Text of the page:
(Editor’s note: Although not common knowledge in our time, “Xmas” has long been used as an abbreviated form of Christmas. The “X” represents the Greek letter “chi,” used as a symbol for the word “Christ.” Many secularists, however, seem to have adopted this spelling in order to remove Jesus from the celebration of Christmas.)


Childlike Thanks

During the season of Thanksgiving, most families gather together and take time to recall what they are thankful for—good things that have happened in the past year, material blessings, people in their lives, and so on. Usually, they remember only the big things.
This holiday, try thinking like a little child: “I thank God for the floor and the flowers and my fingers and French toast.” Take nothing for granted. Then each day throughout the whole year, remember to give God the thanks and praise He deserves—for the little things as well as the big.


And a Little Child Shall Lead Them

by April Athey Staples

“. . . Truly I say to you, unless you are converted and become like children, you shall not enter the kingdom of heaven. Whoever then humbles himself as this child, he is the greatest in the kingdom of heaven.” Matthew 18:3-4 (NAS)

During my quiet time recently, I told Abba** I wanted to see myself and my relationship with Him through His eyes. In the past, I had been too quick to dishonor and abandon the serious part of myself if somebody was critical of me or of my relationship with Jesus.

While I prayed, I pictured a little girl (maybe 5 or 6 years old) holding forth a sword with her left hand and raising up a banner with her right hand that was fluttering behind her as she walked. She was marching fearlessly forward in “battle” along a grassy path. Towering behind her a few paces were Jesus and a tightly formed host of heavily armed and gloriously shining angels.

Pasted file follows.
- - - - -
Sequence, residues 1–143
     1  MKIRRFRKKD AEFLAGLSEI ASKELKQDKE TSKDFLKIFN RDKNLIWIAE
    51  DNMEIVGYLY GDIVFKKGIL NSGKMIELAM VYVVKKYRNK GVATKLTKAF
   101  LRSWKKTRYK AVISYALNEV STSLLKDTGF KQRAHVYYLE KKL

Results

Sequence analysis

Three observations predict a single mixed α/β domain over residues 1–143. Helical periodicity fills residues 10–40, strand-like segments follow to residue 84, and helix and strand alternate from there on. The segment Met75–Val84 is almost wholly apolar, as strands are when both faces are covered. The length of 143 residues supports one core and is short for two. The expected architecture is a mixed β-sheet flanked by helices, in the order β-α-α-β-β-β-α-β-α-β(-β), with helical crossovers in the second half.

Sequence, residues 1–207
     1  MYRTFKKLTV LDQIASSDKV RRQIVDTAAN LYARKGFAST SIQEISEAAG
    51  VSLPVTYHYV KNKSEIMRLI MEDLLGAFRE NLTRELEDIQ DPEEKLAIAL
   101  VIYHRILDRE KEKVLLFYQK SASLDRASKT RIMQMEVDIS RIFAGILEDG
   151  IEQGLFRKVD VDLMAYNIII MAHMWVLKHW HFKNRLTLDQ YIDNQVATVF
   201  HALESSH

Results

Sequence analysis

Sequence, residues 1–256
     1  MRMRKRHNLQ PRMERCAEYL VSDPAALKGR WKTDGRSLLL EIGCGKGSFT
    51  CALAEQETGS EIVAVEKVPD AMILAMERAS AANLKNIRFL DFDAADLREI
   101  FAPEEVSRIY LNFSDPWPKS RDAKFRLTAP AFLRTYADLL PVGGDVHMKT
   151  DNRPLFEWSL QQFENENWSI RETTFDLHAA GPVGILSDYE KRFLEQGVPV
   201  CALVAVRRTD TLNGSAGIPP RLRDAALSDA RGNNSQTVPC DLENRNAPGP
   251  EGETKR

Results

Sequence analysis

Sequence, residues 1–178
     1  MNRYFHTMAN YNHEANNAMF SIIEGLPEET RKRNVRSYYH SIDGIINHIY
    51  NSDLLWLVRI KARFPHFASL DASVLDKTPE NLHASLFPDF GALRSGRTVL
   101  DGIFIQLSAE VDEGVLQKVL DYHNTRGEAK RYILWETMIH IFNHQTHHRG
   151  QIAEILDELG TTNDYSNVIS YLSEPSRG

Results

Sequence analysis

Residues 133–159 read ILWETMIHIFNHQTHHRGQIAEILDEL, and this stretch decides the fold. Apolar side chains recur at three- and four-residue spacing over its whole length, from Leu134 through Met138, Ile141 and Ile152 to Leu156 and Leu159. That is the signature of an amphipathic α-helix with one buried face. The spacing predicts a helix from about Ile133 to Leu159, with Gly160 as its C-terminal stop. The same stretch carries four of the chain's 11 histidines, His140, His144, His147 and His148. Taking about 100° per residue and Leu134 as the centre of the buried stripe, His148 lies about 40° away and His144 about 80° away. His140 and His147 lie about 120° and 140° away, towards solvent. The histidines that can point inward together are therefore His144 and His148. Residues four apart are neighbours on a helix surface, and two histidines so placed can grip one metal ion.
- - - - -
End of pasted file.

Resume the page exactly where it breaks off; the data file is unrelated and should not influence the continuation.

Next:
I cried when I saw her. She was so very serious and thoroughly trusting. I thought about the trusting and serious part of me that I had abandoned years ago, because it caused me too much pain. Seeing myself through God’s eyes again was wonderful, and it freed me to be who He created me to be.

May we all become like children and see ourselves and those around us through the eyes of God.

© April Athey Staples

April Athey Staples accepted Jesus as Lord and Savior in 1973 during her freshman year at Florida State University, where she earned a degree in Communications and Writing. Besides getting to know Jesus, she spent the next 18 years pursuing a career in journalism, public relations and marketing. In 1991 she met and married Kyle Staples, her “best friend for life.” They sought Jesus together until April went home to Jesus in 2007. 

*Isaiah 11:6 (NKJV)
**Hebrew term of affection for “Father,” like “Daddy.” (See Romans 8:15 to find out why those who belong to Jesus can call God “Abba.”)


Poetry

Shepherds Rejoice! Lift Up Your Eyes

by Isaac Watts

“Shepherds, rejoice! lift up your eyes

And send your fears away;

News from the region of the skies:

Salvation’s born today!

Jesus, the God whom angels fear,

Comes down to dwell with you;

Today he makes his entrance here,

But not as monarchs do.

“No gold, nor purple swaddling bands,

Nor royal shining things;

A manger for his cradle stands,

And holds the King of kings.

Go, shepherds, where the Infant lies,

And see his humble throne;

With tears of joy in all your eyes,

Go, shepherds, kiss the Son.”

Thus Gabriel sang, and straight around

The heavenly armies throng;

They tune their harps to lofty sound

And thus conclude the song:

“Glory to God that reigns above,

Let peace surround the earth;

Mortals shall know their Maker’s love